Chapter 1 [Australianism, by John Fisher]

[Editor: This is a chapter from Australianism (1954) by John Fisher.]

The theory of revolution

Since earliest times, human understanding has been widened by the discovery of natural laws. Intellectually alert people, irrespective of their material circumstances, have discovered simple truths that come ever closer to fundamentals; truths that have produced, throughout history, revolutions for good or bad, according to their accuracy.

These laws have not been revealed uniformly across the broad field of human endeavor, co-ordinating in a well-balanced religion or philosophy, but have appeared at random, causing frequent deflections from the path of fastest progress.

At any time in history, the beliefs held, and the social motives acting, are the result of this random evolution, and are transmitted by the moulding of successive generations into whatever degree of confusion and ignorance exists at that time.

This is no less true of the present day, and the unprejudiced observer must be prepared to see each and every idol of popular worship demolished if necessary.

Consider the human race in a thousand years’ time. If modern barbarism does not destroy the world within a few years, it can be expected that the human way of life will have developed into, by that far off date, something wonderful and enchanting beyond belief, taking into account the present rate of progress. Historians in those times will no doubt see the change over the whole millennium as the result of a single, simple, cause.

As the human vision widens into a larger perspective, the basic nature of all existence becomes clearer and easier to understand. The unbiassed student must, therefore, search always for simpler and wider laws in striving to understand all things.

In understanding the deepest problems, there should be no such thing as over-simplification, therefore, but only inaccuracy. The supreme maxim of scientific philosophising is, according to Russell, “wherever possible logical constructions are to be substituted for inferred entities,” which suggests the same point.

People who say that things change very slowly are merely revealing their lack of imagination. The cause of human progress through the ages must be unchanging and, as seen by God, simple in the extreme. This notion is, in essence, the single source of all great human inspiration. Atheists, and some impatient scientists, challenge the believer to produce God for inspection, like a rabbit out of a hat, suggesting unconsciously that a rabbit could have created the universe.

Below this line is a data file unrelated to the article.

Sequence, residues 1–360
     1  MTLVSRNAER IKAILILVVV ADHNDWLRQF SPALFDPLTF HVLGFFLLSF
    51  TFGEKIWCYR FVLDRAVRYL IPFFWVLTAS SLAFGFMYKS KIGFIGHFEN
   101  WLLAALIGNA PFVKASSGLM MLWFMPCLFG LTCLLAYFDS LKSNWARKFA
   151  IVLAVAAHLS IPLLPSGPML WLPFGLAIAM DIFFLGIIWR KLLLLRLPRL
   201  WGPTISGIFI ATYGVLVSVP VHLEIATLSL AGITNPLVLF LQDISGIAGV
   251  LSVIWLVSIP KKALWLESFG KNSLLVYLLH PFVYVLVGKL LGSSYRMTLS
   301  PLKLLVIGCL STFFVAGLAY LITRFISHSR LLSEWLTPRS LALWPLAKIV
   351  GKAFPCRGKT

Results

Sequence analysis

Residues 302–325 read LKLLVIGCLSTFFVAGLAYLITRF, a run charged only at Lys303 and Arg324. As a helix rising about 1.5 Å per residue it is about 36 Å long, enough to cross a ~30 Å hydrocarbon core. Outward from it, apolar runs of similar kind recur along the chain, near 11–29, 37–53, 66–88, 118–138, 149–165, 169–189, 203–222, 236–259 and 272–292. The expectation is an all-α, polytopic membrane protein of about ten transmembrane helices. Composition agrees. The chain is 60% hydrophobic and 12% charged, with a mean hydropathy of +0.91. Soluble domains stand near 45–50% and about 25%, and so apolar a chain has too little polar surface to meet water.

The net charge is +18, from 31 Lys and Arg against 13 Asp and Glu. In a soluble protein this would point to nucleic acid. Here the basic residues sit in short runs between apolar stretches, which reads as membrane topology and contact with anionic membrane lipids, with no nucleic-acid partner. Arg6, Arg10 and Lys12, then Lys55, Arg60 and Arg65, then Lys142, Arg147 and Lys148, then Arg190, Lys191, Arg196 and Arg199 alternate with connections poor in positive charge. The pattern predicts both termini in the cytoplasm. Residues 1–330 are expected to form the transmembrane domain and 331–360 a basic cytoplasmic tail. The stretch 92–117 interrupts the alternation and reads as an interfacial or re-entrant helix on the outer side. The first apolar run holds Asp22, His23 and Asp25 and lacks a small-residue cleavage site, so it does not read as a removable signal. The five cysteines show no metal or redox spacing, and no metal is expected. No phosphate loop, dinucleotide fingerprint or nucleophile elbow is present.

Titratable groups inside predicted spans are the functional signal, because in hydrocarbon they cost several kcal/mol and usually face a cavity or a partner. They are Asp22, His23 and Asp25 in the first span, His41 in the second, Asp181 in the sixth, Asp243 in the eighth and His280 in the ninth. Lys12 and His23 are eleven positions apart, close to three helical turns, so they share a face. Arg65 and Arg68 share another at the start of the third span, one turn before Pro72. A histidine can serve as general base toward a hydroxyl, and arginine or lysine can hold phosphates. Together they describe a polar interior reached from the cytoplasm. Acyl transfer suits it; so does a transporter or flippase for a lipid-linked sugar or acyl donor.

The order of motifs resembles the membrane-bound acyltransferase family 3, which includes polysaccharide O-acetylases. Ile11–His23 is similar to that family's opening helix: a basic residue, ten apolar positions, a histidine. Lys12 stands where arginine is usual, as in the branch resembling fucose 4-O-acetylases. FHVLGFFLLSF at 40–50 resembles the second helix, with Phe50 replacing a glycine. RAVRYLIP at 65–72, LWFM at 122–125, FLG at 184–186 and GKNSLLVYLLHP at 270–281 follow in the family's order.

In the realm of philosophy, it is possible to “prove” any argument whatsoever. The impatient demand for the immediate solution of all problems, however, is based upon the false assumption that the human mind is an absolute observer, rather than an instrument that is obviously evolving. This should not discourage the search for the absolute, for its pursuit is the only way to acquire an improving perspective of all existence. This improving perspective is the simple meaning of spiritual development and the immediate cause of human progress.

In these pages, “mind,” “happiness,” “soul,” “spirit,” “personality,” “wisdom,” etc., are used broadly to denote the stronger creative link with the infinite which distinguishes man from the beasts. The tendency of professional philosophers to expend their reforming energies in debating the meaning of words has always resulted in a large proportion of the world’s peoples remaining at a low cultural level.

Three simple laws will be given which, together with several simple suggestions for facilitating clear thinking, will enable every individual to understand himself, his fellows, and society in general, and to initiate a world-wide transformation into a new co-operative society and free way of life such as mankind has never before experienced.

John Fisher, Australianism, self-published: Harcourt Gardens (SA), [1954], pages 2-3

Editor’s notes:
Russell = Bertrand Russell (1872-1970), Welsh author and philosopher

[Editor: Changed “millenium” to “millennium”. Added a closing quotation mark after “personality”.]

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